Of all the fast foods to go “all-in” for, Chick-Fil-A is definitely the one. While getting arrested over some fast food is ultimately ridiculous, if you’re going to do it, it may as well be for Chick-Fil-A, otherwise known as the greatest fast food joint in America.
Tara Marie Solem, a Georgia woman, has been charged with impersonating a federal agent in order to get a discount, police say.
Solem is accused of telling a drive-thru worker and two managers at a Chick Fil A in Marietta that she was working undercover for the government.
Solem was arrested after the incident on July 5 and charged with impersonating an officer and disorderly conduct, before posting a $7,370 bond to be let out of jail.
Solem first tried to convince the eatery’s drive-through worker that she was a federal agent. When that didn’t work she went inside. At the counter of the Macland Cross Circle chicken joint, she argued with two managers, hurling expletives within earshot of a few children, cops wrote.
Still trying to get some discounted food, she flashed a badge in a black wallet to the managers, police said.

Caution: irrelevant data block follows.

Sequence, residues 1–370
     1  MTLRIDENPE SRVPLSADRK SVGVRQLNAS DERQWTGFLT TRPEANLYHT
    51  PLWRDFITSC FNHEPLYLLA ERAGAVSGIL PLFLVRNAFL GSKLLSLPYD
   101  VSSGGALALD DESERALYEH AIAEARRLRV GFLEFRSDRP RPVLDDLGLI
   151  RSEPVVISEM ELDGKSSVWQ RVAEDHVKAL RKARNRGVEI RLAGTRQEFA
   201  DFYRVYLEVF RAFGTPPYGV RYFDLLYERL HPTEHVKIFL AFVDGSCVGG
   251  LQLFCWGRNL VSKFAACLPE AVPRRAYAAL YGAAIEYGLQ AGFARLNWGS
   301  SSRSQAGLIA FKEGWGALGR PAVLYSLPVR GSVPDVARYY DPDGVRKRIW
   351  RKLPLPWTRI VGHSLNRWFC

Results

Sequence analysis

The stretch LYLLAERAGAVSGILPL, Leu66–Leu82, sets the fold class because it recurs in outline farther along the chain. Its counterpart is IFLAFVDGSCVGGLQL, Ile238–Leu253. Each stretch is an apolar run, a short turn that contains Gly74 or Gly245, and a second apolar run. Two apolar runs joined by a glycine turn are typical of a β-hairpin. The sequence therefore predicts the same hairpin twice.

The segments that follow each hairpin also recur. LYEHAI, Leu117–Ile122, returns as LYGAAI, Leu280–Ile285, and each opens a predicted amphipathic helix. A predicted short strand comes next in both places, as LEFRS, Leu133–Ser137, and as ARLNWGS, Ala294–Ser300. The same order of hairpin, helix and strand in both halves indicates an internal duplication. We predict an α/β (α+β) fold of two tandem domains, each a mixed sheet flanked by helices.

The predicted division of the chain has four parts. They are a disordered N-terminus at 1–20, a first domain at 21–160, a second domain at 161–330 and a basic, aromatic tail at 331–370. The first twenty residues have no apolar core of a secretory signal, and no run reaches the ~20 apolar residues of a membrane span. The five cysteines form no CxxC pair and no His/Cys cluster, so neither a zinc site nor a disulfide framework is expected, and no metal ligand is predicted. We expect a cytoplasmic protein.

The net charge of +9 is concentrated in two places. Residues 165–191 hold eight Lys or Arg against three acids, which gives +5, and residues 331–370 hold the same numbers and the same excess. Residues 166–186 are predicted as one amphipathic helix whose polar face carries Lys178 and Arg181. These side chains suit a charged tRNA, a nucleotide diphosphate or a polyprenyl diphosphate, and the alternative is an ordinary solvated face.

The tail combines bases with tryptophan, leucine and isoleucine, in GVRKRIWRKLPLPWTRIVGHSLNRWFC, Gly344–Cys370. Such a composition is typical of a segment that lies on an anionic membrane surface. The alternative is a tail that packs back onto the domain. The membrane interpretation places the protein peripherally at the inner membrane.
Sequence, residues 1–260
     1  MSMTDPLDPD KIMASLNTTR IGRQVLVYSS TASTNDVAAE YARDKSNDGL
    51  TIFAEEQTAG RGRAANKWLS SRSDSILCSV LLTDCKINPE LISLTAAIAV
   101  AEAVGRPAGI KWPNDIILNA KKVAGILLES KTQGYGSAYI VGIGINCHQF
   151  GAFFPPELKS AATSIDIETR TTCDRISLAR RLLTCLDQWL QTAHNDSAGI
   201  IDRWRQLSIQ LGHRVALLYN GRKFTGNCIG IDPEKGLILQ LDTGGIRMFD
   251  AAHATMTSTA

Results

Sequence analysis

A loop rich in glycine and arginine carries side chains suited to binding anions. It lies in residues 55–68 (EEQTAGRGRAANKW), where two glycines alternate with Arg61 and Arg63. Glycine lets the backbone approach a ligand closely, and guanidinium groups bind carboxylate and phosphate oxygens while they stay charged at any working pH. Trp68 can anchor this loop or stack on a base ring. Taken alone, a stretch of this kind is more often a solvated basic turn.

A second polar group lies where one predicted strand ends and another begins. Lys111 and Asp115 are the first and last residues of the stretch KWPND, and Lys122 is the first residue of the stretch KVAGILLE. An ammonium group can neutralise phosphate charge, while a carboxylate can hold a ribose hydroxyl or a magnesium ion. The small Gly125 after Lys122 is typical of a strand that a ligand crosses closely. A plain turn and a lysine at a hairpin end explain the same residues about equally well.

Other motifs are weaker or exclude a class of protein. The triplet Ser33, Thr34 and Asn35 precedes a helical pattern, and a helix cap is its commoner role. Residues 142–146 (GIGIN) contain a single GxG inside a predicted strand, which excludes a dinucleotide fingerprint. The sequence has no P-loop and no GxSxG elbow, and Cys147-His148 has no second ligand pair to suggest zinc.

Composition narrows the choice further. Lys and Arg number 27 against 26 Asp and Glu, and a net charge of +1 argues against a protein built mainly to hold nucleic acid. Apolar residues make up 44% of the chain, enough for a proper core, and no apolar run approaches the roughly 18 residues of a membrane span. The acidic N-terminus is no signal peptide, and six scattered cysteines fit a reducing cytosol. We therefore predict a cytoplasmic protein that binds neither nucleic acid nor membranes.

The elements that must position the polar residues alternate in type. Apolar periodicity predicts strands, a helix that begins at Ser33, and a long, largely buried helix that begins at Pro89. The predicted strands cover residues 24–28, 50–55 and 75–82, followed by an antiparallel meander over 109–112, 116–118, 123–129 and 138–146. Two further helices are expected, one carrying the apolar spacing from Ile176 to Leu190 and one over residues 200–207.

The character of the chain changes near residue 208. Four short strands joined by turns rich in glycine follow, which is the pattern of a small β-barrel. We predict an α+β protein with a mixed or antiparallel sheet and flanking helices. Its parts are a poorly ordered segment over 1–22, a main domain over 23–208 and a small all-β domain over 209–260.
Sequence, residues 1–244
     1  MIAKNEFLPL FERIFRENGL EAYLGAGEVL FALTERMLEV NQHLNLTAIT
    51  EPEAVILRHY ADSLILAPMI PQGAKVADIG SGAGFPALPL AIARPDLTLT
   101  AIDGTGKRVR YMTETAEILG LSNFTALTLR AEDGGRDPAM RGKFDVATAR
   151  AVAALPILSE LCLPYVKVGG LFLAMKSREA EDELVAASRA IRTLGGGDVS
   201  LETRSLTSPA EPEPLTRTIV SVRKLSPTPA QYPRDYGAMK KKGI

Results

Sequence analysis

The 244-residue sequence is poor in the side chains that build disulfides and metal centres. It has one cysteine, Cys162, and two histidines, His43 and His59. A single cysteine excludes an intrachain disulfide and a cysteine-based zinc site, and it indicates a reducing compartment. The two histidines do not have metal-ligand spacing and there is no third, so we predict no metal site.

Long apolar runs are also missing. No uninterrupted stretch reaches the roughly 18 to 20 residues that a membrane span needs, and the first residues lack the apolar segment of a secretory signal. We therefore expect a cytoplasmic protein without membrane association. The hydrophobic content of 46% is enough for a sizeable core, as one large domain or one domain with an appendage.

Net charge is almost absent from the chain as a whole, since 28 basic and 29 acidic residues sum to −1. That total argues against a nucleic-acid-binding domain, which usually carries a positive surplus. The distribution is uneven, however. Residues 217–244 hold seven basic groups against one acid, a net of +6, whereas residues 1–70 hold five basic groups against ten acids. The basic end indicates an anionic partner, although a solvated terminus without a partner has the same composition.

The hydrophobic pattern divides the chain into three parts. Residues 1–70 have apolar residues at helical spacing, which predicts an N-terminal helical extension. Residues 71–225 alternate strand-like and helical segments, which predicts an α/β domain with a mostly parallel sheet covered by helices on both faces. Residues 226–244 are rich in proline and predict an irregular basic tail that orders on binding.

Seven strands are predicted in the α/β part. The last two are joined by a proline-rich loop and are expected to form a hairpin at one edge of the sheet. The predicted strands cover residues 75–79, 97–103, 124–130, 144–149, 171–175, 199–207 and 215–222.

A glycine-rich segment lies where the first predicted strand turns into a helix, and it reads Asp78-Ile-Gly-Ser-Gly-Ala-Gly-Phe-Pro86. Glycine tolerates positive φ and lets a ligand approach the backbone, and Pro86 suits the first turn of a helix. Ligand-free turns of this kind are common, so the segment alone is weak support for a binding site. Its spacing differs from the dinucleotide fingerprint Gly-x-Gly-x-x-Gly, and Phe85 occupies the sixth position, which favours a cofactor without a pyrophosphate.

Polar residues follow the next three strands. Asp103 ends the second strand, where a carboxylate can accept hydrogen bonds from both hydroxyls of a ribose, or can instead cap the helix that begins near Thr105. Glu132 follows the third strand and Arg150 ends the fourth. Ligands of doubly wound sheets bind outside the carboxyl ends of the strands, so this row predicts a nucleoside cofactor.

“She stated that she was undercover and that for them asking her to be in uniform would blow her cover and possible [sic] get her killed,” according to the warrant. Solem called the restaurant chain’s corporate office to complain and gave the name, “Agent Solem.”
At one point during the incident, Solem changed her story, saying that she was an agent with the Georgia Bureau of Investigations. The officer writing the warrant said they checked with GBI, and the agency had no record of “Agent Solem.”
According to court records, Solem paid $7,370 to bail out Cobb County jail less than 10 hours after being booked. Her next court date was not listed in the county’s magistrate court system.
Chick-Fil-A says that each individual restaurant is allowed to set its own discount policy.